After one of the most tumultuous months in its young history, Facebook is planning to announce features intended to offer its hundreds of millions of users simpler privacy choices.
The last few weeks have not been kind to the Internet's second most popular Web site, which has been pilloried by privacy activists and slammed by some members of Congress. The flap has spawned clever interactive graphics showing how Facebook has gradually exposed more user data, tools to fix your privacy settings, and reports of internal discord among employees who may fear that the negative attention would jeopardize a lucrative public stock offering.
A Facebook spokesman on Friday confirmed that the changes will arrive "shortly," without elaborating. "The messages we've received are pretty clear," Andrew Noyes said. "Users appreciate having precise and comprehensive controls, but want them to be simpler and easier to use. They also like the new programs we have rolled out, but want simple and easy ways to opt out of sharing personal information with applications and Web sites."
The new controls, which could arrive as early as next week, will feature simpler and easier-to-use controls for users who care about them, while continuing to offer granular controls for those who want them as well, a company source said. No doubt The New York Times will redraw its helpful road map to Facebook's privacy options.
When the generally laissez-faire Economist writes an article saying regulators may be able to "justly" target Facebook, and The Wall Street Journal's Peggy Noonan warns that "when we lose our privacy, we lose some of our humanity," these are signs that Zuckerberg has lost the zeitgeist. So is the flood of money to the ephemeral idea of Diaspora. (Time magazine's cover story featuring an interview with Zuckerberg, on the other hand, was far more flattering.)
Some of these news clippings almost appear to have been copied and pasted from The Onion, which has been covering the issue in its own way. There was the Facebook phishing scam that snared a board member and a security hole that leaked some private messages. Then there's the October release of "The Social Network," starring Jesse Eisenberg and Justin Timberlake, which appears to be using a different name to keep the lawyers at bay.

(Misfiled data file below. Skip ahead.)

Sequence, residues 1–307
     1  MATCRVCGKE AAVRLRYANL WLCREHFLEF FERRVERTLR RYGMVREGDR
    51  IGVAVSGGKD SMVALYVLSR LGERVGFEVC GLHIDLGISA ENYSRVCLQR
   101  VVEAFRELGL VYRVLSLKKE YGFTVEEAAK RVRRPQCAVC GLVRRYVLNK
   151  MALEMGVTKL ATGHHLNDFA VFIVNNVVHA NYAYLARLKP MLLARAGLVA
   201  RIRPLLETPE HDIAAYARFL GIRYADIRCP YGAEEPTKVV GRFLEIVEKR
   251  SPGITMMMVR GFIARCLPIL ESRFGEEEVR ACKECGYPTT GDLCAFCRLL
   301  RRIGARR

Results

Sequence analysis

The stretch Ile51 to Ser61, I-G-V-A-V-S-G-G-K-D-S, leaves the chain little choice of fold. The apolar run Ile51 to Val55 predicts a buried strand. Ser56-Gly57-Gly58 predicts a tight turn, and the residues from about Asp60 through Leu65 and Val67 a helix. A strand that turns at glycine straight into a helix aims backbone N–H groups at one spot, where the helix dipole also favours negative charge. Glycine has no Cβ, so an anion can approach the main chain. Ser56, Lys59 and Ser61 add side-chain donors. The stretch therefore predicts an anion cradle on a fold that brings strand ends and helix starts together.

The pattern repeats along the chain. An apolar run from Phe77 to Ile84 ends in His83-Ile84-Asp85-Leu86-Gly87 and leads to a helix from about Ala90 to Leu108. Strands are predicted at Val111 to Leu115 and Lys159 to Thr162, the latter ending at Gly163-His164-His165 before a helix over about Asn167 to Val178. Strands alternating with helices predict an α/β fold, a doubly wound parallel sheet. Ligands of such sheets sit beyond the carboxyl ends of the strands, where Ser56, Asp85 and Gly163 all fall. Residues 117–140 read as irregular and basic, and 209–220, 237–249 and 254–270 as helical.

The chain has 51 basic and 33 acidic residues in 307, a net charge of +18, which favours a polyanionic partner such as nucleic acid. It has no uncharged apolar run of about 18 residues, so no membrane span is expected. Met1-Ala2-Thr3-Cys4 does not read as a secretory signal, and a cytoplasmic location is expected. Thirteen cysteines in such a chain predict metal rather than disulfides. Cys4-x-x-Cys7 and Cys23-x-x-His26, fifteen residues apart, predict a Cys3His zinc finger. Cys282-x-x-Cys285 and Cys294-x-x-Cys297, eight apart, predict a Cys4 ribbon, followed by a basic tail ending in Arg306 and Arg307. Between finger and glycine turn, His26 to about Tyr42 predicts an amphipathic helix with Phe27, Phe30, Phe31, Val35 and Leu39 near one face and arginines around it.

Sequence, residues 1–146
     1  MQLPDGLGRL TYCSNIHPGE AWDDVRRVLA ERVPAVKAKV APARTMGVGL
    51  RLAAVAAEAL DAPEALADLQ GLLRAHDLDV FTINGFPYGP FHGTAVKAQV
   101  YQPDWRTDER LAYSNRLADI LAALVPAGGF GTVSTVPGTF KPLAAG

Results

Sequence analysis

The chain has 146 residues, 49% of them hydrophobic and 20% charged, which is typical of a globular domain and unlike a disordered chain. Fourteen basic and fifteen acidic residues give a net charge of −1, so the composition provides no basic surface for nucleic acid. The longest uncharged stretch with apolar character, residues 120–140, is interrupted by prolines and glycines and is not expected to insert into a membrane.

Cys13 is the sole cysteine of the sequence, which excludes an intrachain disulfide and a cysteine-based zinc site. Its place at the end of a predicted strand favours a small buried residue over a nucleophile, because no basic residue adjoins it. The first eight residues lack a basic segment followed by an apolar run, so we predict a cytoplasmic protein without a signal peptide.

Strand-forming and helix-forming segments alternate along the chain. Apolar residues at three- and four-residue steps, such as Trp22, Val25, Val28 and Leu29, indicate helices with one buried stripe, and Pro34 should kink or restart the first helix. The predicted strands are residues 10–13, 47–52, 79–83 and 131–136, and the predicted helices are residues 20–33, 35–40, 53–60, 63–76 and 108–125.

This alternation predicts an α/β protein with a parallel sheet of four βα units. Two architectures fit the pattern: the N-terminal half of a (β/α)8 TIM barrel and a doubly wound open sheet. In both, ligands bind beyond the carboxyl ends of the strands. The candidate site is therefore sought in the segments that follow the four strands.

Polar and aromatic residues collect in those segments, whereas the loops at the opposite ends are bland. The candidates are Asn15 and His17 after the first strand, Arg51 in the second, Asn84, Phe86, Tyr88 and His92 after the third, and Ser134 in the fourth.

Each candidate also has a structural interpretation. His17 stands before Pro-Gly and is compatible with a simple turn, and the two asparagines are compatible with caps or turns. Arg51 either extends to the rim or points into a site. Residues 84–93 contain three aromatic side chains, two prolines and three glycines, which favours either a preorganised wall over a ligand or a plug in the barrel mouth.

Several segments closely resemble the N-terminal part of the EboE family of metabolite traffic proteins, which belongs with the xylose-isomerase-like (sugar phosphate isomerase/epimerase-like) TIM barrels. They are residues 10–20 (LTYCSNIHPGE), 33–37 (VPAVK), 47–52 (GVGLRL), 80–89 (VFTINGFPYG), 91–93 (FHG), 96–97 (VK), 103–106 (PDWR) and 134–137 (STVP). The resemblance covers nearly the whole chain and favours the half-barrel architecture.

The danger here lies, as it often does, in regulatory overreach. Sen. Charles Schumer, the New York Democrat, is demanding a federal investigation and the issuing of government "guidelines" on privacy disclosures. Like most members of Congress, Schumer is a lawyer-turned-lifelong-politician with no experience running a business; he's been on the taxpayers' payroll ever since being elected to the New York State Assembly at the age of 23.
If Facebook has made privacy missteps that harmed its users, existing law gives the Federal Trade Commission and state attorneys general ample authority to investigate and litigate. The lawyers staffing those agencies, hardly timid souls, have proven to be eager and willing to do just that.
And, if there's evidence of lawbreaking, no doubt class action lawyers will leap at the chance to enrich themselves at the expense of Facebook's owners and employees.
But to argue, as Schumer does, that the possibility of future harm demands immediate regulation would short-circuit the legislative process. At the very least, before rushing to pass final judgment, it may be worth waiting a week or so to see what Facebook actually does.
Update May 23 at 11:55 p.m. PT: Facebook's Mark Zuckerberg has an op-ed in Monday's Washington Post saying the company has made some mistakes: "Our intention was to give you lots of granular controls; but that may not have been what many of you wanted. We just missed the mark." It hints about what may be coming next: "In the coming weeks, we will add privacy controls that are much simpler to use. We will also give you an easy way to turn off all third-party services."